Healthy Living A to Z: F

Fish

Fish is a high-protein, low-fat food that provides a range of health benefits. White-fleshed fish, in particular, is lower in fat than any other source of animal protein, and oily fish are high in omega-3 fatty acids, or the “good” fats. Since the human body can’t make significant amounts of these essential nutrients, fish is an important part of our diet. Also, fish is low in the “bad” fats commonly found in red meat, called omega-6 fatty acids. A growing body of evidence indicates that omega-3 fatty acids provide a number of health benefits. They:

  • help maintain cardiovascular health by playing a role in the regulation of blood clotting and vessel constriction;
  • are important for prenatal and postnatal neurological development;
  • may reduce tissue inflammation and alleviate the symptoms of rheumatoid arthritis;
  • may play a beneficial role in cardiac arrhythmia (irregular heartbeat), reducing depression and halting mental decline in older people.

The omega-3s found in fish (EPA and DHA) appear to provide the greatest health benefits. Fish that are high in omega-3s, low in environmental contaminants and eco-friendly include:

  • wild salmon from Alaska (fresh, frozen and canned),
  • Arctic char,
  • Atlantic mackerel,
  • sardines,
  • sablefish,
  • anchovies
  • farmed rainbow trout and
  • albacore tuna from the U.S. and Canada.

http://seafood.edf.org/benefits-eating-fish

Flexibility

Activities that lengthen and stretch muscles can help you prevent injuries, back pain, and balance problems.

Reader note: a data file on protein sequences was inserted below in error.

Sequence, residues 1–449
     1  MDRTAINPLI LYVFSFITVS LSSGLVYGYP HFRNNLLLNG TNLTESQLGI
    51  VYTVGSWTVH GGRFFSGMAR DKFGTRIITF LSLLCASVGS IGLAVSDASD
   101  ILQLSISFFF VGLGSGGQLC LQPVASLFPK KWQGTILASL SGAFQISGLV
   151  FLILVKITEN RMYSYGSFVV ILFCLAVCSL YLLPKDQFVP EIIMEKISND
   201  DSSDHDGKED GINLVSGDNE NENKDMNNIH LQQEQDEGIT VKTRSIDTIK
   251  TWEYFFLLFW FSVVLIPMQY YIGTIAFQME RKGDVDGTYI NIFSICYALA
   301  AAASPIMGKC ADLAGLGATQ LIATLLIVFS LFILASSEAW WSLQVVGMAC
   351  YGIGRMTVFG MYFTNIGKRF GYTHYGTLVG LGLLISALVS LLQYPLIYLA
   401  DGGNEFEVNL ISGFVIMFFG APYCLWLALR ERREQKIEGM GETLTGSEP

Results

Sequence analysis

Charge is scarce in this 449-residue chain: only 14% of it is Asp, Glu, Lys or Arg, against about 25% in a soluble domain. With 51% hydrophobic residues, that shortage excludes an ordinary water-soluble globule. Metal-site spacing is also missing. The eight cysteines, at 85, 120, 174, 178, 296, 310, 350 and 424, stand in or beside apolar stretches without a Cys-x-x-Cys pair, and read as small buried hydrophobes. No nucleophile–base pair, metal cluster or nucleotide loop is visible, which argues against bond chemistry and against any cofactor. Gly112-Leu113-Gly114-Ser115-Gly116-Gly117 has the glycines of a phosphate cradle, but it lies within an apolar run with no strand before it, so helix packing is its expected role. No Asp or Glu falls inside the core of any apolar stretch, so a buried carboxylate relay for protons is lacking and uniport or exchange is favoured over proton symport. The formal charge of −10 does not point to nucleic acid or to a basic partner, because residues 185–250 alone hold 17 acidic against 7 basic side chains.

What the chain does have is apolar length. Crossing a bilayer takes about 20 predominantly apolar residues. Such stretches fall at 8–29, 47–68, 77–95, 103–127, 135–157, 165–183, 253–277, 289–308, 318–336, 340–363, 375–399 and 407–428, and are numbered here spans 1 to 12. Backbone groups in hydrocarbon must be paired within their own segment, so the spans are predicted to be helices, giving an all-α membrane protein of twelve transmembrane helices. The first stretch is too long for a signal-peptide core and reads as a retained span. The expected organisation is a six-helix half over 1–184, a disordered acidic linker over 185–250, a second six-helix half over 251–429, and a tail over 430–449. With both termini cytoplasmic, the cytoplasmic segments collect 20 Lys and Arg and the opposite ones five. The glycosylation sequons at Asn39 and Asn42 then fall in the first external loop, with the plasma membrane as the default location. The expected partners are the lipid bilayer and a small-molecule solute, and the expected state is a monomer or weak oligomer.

A well-stretched muscle more easily achieves its full range of motion. This improves athletic performance — imagine an easier, less restricted golf swing or tennis serve — and functional abilities, such as reaching, bending, or stooping during daily tasks. Stretching can also be a great way to get you moving in the morning or a way to relax after a long day. Activities such as yoga combine stretching and relaxation and also improve balance, a wonderful combination.

However, note that experts no longer recommend stretching before exercise. Newer recommendations suggest that you start your workout routine with a warm-up, such as an easy walk or a sport-specific routine, such as serving some tennis balls and practicing ground strokes before a match. This gets blood and oxygen flowing to your muscles. After five to 10 minutes of warm-up, your muscles are warm and supple. This is a good time to stretch. You can even do your flexibility exercises as a post-workout cool-down.

http://www.health.harvard.edu/staying-healthy/benefits-of-flexibility-exercises

 

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